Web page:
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Which brings me neatly to the purpose of this article! Practically every species of foreign bird (in either of the above categories) has its devotees who would be anxious to acquire pure normals if the birds were available. It is also my experience (with Diamond Doves and Spectacled Parrotlets among others) that if you advertise for people holding the species you get responses from successful breeders worried about inbreeding but either not able to find other breeders or concerned about introducing mutations via visual normals. With Parrotlets there is also concern about hybrids due to the similarity of the hens of some species. To take one example, last summer I realised that (with the exception of Celestials) parrotlets generally seemed to be offered for sale less frequently. An


36 BIRD SCENE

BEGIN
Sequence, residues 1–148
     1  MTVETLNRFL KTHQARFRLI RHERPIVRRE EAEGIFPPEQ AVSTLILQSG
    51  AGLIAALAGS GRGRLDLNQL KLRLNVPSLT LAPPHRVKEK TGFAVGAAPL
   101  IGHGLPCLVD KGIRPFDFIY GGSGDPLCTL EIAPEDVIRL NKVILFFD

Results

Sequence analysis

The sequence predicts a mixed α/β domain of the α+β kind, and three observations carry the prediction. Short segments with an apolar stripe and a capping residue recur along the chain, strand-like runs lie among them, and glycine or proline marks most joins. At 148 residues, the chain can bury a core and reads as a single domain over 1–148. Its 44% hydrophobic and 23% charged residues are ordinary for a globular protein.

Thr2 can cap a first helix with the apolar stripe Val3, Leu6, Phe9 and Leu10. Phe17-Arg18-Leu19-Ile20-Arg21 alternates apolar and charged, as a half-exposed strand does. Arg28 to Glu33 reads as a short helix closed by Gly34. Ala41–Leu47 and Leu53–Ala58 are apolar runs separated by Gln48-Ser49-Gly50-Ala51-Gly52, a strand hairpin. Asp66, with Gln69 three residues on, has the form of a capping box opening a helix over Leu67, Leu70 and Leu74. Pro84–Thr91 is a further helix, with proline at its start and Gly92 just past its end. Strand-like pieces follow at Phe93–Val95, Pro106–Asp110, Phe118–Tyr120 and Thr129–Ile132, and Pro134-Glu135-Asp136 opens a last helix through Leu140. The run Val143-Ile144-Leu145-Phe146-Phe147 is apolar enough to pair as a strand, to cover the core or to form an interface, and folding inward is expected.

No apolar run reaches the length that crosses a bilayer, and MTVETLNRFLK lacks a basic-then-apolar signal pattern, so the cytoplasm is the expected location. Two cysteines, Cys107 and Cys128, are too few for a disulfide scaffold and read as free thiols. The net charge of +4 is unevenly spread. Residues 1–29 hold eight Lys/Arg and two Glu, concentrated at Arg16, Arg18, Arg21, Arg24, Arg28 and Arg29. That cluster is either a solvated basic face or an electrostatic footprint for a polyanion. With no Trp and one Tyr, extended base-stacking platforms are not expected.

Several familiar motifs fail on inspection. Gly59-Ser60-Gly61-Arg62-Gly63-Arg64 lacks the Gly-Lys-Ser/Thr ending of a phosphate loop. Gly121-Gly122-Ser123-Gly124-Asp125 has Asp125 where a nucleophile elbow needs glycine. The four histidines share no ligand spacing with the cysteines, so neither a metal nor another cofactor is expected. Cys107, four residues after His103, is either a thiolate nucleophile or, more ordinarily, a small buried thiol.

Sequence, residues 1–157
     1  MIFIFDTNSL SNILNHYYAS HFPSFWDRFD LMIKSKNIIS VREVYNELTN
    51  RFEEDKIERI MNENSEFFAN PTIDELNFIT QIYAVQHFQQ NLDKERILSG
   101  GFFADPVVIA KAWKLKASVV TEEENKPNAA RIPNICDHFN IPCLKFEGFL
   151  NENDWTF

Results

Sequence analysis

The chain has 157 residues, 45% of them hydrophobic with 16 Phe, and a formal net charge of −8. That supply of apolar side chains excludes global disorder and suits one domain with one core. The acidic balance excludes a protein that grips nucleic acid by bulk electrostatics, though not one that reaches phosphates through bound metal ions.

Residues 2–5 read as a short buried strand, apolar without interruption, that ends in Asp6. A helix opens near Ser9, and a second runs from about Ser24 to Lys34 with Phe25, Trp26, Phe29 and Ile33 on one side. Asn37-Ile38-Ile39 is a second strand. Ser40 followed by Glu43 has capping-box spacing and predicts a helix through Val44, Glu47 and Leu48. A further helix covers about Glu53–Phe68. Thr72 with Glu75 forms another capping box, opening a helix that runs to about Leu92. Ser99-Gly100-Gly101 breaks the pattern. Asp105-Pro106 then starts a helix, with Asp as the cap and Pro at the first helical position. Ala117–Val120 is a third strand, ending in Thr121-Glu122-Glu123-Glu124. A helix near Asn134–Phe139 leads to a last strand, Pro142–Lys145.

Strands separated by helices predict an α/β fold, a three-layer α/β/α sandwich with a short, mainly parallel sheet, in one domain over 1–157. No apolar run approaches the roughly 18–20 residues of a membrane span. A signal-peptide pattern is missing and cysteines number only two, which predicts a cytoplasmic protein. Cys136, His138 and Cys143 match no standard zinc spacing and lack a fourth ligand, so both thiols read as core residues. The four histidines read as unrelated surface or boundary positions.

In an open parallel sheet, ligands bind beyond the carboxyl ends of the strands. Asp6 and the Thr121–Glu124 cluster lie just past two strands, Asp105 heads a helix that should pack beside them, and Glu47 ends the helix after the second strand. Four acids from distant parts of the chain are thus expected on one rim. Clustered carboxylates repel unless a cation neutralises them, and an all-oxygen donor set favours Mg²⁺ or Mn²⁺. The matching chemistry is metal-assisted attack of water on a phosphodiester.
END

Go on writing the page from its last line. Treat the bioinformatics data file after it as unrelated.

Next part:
article (“Where are all the Parrotlets?” Sept 2010) in the Parrot Society magazine generated a response for Spectacled Parrotlets alone that resulted in birds being exchanged for new blood, pairs being made up and surplus birds being placed. As a result I now have contact with a small group of people who between them hold a potentially viable group of Spectacled with reasonable genetic diversity. There are no formalities to the group – the only commitment sought is that they offer surplus birds within the group before disposing of them elsewhere. The formation of groups like this could well make the difference in maintaining some species in captivity and in other species the existence of “ring-fenced” groups of normals. The various specialist societies (Parrot Society, Australian Finch


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